(This article was first published on

**R – BioStatMatt**, and kindly contributed to R-bloggers)The code below gives a simple implementation of the Metropolis and Metropolis-in-Gibbs sampling algorithms, which are useful for sampling probability densities for which the normalizing constant is difficult to calculate, are irregular, or have high dimension (Metropolis-in-Gibbs).

```
## Metropolis sampling
## x - current value of Markov chain (numeric vector)
## targ - target log density function
## prop - function with prototype function(x, ...) that generates
## a proposal value from a symmetric proposal distribution
library('mvtnorm')
prop_mvnorm <- function(x, ...)
drop(rmvnorm(1, mean=x, ...))
metropolis <- function(x, targ, prop=prop_mvnorm, ...) {
xnew <- prop(x)
lrat <- targ(xnew, ...) - targ(x, ...)
if(log(runif(1)) < lrat)
x <- xnew
return(x)
}
## Metropolis-in-Gibbs sampling
## x - current value of Markov chain (numeric vector)
## targ - target log density function
## ... - arguments passed to 'targ'
gibbs <- function(x, targ, ...) {
for(i in 1:length(x)) {
## define full conditional
targ1 <- function(x1, ...) {
x[i] <- x1
targ(x, ...)
}
## sample using Metropolis algorithm
x[i] <- metropolis(x[i], targ1, ...)
}
return(x)
}
```

The following code produces the figure below to illustrate the two methods using a 'dumbell' distribution (cf. R package 'ks' vignette).

```
### The code below illustrates the use of the functions above
## target 'dumbell' density (c.f., R package 'ks' vignette)
library('ks')
mus <- rbind(c(-2,2), c(0,0), c(2,-2))
sigmas <- rbind(diag(2), matrix(c(0.8, -0.72, -0.72, 0.8), nrow=2), diag(2))
cwt <- 3/11
props <- c((1-cwt)/2, cwt, (1-cwt)/2)
targ_test <- function(x, ...)
log(dmvnorm.mixt(x, mus=mus, Sigmas=sigmas, props=props))
## plot contours of target 'dumbell' density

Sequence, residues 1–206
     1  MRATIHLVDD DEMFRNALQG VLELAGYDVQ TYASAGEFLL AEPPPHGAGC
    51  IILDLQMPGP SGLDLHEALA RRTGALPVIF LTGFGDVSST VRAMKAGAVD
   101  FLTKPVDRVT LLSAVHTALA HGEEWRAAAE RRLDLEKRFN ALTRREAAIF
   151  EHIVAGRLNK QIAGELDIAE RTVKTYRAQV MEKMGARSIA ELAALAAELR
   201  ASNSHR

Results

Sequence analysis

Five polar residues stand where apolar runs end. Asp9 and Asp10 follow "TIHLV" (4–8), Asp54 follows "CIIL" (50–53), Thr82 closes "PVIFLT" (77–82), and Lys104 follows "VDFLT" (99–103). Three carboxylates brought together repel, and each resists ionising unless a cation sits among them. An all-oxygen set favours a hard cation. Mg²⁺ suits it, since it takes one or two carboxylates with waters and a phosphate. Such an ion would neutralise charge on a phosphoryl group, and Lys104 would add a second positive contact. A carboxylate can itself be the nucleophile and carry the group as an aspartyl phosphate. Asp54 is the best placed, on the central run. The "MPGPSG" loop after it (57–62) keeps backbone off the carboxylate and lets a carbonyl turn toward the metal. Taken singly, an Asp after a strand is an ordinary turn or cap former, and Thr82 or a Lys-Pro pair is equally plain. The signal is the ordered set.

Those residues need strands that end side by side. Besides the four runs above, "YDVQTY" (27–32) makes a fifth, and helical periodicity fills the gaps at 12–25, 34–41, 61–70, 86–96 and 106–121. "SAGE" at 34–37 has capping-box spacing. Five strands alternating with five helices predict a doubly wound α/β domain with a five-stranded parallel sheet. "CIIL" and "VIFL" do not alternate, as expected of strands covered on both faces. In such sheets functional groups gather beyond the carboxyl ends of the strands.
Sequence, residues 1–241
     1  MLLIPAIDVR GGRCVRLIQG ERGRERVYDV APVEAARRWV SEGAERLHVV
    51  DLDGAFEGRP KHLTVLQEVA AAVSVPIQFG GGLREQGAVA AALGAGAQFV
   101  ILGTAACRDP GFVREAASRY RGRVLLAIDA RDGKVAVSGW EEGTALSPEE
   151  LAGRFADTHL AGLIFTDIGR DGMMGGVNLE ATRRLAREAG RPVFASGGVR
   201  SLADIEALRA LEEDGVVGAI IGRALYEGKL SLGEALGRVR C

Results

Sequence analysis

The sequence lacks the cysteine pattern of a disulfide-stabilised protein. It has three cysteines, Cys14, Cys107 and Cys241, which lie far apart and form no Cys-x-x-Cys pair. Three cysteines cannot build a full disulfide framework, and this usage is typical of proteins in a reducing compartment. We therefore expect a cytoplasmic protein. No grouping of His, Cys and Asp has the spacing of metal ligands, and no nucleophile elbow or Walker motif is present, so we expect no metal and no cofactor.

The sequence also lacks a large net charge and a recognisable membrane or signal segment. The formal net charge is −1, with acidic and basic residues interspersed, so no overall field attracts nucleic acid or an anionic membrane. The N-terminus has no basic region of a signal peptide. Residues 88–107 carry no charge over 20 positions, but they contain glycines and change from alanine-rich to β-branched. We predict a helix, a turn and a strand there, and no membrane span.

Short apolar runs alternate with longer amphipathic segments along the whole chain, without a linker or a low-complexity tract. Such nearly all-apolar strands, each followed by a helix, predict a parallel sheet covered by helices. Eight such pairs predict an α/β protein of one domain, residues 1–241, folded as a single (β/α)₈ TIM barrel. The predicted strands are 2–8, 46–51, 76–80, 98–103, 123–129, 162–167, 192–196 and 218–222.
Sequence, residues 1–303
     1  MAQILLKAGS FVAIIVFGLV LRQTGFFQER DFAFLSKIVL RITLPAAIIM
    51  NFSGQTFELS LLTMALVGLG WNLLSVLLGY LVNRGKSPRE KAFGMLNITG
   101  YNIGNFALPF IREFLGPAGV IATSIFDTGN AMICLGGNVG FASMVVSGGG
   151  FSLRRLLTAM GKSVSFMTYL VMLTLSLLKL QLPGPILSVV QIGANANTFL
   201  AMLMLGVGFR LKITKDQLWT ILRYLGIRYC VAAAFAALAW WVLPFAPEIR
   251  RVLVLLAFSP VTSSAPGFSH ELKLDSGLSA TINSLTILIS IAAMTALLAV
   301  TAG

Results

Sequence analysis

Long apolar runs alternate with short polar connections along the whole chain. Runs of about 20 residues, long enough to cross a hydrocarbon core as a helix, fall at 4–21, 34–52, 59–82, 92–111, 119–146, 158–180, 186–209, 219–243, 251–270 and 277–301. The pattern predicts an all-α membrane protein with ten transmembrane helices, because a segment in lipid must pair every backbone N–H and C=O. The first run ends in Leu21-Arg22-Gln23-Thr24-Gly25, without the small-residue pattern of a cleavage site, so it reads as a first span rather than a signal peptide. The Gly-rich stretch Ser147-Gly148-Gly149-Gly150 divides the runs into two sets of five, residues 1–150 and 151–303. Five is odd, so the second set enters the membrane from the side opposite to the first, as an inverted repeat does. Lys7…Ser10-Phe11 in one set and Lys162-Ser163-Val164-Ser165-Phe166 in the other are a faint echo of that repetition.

set.seed(42)
par(mfrow=c(1,2))
plotmixt(mus=mus, Sigmas=sigmas, props=props,
xlim=c(-4,4), ylim=c(-4,4),
xlab=expression(x[1]),
ylab=expression(x[2]),
main="Metropolis-in-Gibbs")
## initialize and sample using Metropolis-in-Gibbs
xcur <- gibbs(c(0,0), targ_test, sigma=vcov_test)
for(j in 1:2000) {
xcur <- gibbs(xcur, targ_test, sigma=vcov_test)
points(xcur[1], xcur[2], pch=20, col='#00000055')
}
## plot contours of target 'dumbell' density
plotmixt(mus=mus, Sigmas=sigmas, props=props,
xlim=c(-4,4), ylim=c(-4,4),
xlab=expression(x[1]),
ylab=expression(x[2]),
main="Metropolis")
## initialize and sample using Metropolis
xcur <- metropolis(c(0,0), targ_test, sigma=vcov_test)
for(j in 1:2000) {
xcur <- metropolis(xcur, targ_test, sigma=vcov_test)
points(xcur[1], xcur[2], pch=20, col='#00000055')
}
```

The figure illustrates two contrasting properties of the two methods:

- Metropolis-in-Gibbs samples can get 'stuck' in certain regions of the support, especially when there are multiple modes and/or significant correlation among the random variables. This is not as much a problem for Metropolis sampling.
- Metropolis sampling can produce fewer unique samples due to the poor approximation of the proposal density to the target density. This occurs more often for high-dimensional target densities.

To

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